ATLANTA — The picture of Diana Elliot that people remember is a blurry one, taken from grainy security footage during a moment that will likely stay with her the rest of her life.
You can see her holding holding hands with her 14-year-old son, who has Down syndrome. She was in the middle of leaving him alone at Grady Hospital.
What followed was an arrest, her explanation that a sense of overwhelming desperation led her to Grady the night of Dec. 4, and an extraordinary court appearance in which sympathetic mothers showed up to lend their support.
READ THE ORIGINAL STORY: Moms show up at court to support 'overwhelmed' mom who left son with Down syndrome at hospital
It’s just one paragraph of a middle chapter in her story - that's what we witnessed.
Now there's a whole book.
Carla Griffin had never met Diana Elliot before she saw her story on the news.
“It's not an unfamiliar story, it's just big. It's what we see every day, but we're never that close to it, so there's nothing to do,” Griffin told 11Alive’s Kaitlyn Ross, who has been following Elliot’s story from Day 1. “Like, oh yeah, yeah, that's sad. Poor thing, right? But now people like me and the other moms who showed up, we are in it.”
Years ago, Carla left her own son with disabilities at a hospital on the advice of a social worker who knew the services needed to care for him just did not exist.
“When I went through it, it drove me crazy,” she said. “I woke up everyday, like, 'what do I do today?' And that's what these moms wake up and think every day, 'what do I do today?'”
Elliot’s story resonated with her, not because of who Diana was as a stranger, but because she saw herself in that situation and knew that she needed a lot of help.
Carla's daughter, Dr. Erica Griffin is proud of her mom for supporting Diana.
“We are the same age, Diana and me. So, I see someone who knows all the same songs, who saw all the same movies. And we have so much in common,” Dr. Griffin said. “But because of circumstances that neither of us earned, I am on a completely different path than she is.”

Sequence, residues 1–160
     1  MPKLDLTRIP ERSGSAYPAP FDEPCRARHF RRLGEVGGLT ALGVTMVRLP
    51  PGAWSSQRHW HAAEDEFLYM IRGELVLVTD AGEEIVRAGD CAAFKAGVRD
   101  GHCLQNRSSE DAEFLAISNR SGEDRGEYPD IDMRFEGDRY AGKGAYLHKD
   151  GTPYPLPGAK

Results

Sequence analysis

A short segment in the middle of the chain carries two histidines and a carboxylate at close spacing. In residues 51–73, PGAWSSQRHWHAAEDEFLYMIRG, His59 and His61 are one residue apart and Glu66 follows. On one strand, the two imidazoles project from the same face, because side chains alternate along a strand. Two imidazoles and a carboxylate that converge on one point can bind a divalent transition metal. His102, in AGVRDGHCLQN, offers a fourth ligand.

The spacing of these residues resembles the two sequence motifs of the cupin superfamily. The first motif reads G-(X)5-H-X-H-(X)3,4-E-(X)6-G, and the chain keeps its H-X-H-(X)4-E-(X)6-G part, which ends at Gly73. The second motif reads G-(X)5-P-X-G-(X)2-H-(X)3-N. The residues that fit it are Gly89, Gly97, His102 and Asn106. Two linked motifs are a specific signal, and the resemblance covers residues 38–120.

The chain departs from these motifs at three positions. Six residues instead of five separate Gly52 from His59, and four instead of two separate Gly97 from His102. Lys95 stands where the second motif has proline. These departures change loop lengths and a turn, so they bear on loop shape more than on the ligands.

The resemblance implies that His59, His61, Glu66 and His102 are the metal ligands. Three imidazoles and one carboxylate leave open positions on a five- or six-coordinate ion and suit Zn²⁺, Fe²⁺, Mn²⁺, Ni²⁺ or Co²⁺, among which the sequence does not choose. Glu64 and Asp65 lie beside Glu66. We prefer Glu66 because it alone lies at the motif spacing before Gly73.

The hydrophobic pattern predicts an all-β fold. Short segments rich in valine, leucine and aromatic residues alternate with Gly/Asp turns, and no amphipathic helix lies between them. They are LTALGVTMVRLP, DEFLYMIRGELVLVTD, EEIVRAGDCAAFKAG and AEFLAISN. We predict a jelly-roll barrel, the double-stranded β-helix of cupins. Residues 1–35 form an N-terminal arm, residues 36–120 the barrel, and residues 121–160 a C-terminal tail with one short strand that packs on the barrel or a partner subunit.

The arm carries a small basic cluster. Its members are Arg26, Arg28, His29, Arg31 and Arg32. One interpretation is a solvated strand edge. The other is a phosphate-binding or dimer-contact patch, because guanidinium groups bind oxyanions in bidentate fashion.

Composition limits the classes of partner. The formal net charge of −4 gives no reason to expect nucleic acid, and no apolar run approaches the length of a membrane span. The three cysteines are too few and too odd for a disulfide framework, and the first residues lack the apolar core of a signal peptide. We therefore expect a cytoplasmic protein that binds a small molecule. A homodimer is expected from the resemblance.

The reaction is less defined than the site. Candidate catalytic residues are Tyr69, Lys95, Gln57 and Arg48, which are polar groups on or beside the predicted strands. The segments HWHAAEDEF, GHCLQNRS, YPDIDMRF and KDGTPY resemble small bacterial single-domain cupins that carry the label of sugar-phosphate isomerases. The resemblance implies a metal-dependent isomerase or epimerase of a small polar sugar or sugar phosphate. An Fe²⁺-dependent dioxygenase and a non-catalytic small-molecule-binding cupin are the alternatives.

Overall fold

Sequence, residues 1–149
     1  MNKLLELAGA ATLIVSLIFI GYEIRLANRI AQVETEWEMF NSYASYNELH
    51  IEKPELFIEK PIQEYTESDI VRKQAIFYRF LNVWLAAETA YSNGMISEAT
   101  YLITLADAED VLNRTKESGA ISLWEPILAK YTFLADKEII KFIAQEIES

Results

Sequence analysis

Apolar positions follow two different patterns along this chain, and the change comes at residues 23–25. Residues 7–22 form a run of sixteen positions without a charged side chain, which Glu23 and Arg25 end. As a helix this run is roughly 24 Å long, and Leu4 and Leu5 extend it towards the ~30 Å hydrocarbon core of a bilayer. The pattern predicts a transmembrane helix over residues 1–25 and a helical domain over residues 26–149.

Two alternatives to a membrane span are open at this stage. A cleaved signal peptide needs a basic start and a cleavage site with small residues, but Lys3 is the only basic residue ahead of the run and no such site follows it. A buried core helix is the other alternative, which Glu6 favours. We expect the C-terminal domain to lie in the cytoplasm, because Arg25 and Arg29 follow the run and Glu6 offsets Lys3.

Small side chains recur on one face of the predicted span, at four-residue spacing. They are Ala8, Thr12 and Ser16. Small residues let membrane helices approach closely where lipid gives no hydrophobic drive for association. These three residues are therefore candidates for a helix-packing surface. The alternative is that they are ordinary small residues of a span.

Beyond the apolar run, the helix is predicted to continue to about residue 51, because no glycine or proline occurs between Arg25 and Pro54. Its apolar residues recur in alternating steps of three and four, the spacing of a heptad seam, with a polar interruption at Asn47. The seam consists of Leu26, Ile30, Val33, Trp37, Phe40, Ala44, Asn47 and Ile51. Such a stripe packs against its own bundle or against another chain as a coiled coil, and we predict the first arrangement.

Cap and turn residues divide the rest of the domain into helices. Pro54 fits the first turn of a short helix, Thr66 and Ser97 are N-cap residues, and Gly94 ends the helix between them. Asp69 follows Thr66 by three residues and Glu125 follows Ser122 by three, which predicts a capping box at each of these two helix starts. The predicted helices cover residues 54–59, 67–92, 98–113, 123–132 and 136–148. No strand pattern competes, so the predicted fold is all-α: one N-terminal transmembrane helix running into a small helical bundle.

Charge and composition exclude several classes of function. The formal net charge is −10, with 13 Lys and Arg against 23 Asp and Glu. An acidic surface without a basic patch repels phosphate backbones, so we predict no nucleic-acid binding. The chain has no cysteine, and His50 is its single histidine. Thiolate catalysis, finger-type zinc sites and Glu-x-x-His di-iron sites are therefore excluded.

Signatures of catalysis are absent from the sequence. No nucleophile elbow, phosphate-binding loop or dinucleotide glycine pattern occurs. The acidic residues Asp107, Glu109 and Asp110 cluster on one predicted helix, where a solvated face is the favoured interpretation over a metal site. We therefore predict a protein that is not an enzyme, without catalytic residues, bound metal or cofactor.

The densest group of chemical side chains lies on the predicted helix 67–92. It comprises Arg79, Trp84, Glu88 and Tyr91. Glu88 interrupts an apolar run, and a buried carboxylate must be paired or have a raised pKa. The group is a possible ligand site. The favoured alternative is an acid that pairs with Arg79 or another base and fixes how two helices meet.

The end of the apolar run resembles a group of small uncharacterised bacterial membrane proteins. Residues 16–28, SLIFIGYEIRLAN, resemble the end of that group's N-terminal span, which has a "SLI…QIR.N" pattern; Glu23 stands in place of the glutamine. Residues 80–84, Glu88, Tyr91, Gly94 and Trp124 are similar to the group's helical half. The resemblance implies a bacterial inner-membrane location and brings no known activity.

Diana was raised in foster care. She doesn't have any family, and was homeless when she made the decision to leave her son at the hospital.
Dr. Griffin says all of that matters.
“We have a problem in this country of looking at people as if their circumstances are of their own making,” she said. “And that's just not the case.”
Sheryl Arno, the executive director of the Down Syndrome Association of Atlanta, agrees. She explained that the list to get services and help for people with disabilities in Georgia is 6,000 people long.
“Families at poverty level, really struggle to get on that list and get that support,” Arno said.
Families have to stay in constant contact with the state to apply for a Medicaid waiver, notify them every time they move, and often cannot work if they can't get care for their child, she added.
“The systems are so complicated for him, I don't know that he ever had a fighting chance,” Arno said of Diana Elliot’s son. “But what's happening now is really good for him. It won't happen overnight, and it won't happen overnight for this family.”
By leaving her son at the hospital, Diana put her son at the top of the list to get services from the state. But she also got arrested, and her other three children have been put in foster care.
Diana sees her son once a week, at the same time he gets to see his three other siblings.
“The way they touch him, and hug him, and hold him, he lights up. He's nonverbal, but he says everything through his smile,” Arno said. “The love that the four of them have for each other is almost like nothing I've ever seen.”
Arno said the four kids always sit together in court, and love the time they have together.
She just wishes they could all be together more often.
“In our dream world, if we could get all four of them in one foster home, that's my ultimate dream,” Arno said. “I don't know if that's possible to happen. I've tried all of my resources, DFCS has tried all of their resources.”
She said everyone's been frustrated at how slowly the case has moved.
It got national attention when it first happened, and everyone thought there would be a resolution by now.
“Going through it, I expected the same thing. In an hour TV show, we can wrap everything up and make it happen, but that's not reality, that's what I'm learning,” Arno said. “The systems move slow, really slow, but long term, I think that things are going to be alright.”
Carla Griffin thinks so, too. Now she just wants Diana to believe it.
“Her story is just, we are in the middle of it,” she said. “We pray. We pray all the time. She prays, to just do what she has to do to get to the end of the story.”
Thousands reacted to this story when it first happened - many people outraged at how difficult it is for people with disabilities to get services from the state.
Advocates are holding a rally at the state capitol to eliminate the waitlists for services to help people with disabilities in Georgia on Feb. 19.